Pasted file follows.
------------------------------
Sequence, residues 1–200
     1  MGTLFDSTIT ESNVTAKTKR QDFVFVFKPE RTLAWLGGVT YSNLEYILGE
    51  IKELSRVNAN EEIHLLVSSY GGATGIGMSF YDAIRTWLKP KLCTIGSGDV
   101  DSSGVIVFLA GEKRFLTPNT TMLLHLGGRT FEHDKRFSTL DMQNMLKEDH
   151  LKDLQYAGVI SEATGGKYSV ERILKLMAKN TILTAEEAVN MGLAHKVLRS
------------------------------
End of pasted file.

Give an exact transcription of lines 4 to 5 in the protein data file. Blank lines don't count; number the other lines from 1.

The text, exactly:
   101  DSSGVIVFLA GEKRFLTPNT TMLLHLGGRT FEHDKRFSTL DMQNMLKEDH
   151  LKDLQYAGVI SEATGGKYSV ERILKLMAKN TILTAEEAVN MGLAHKVLRS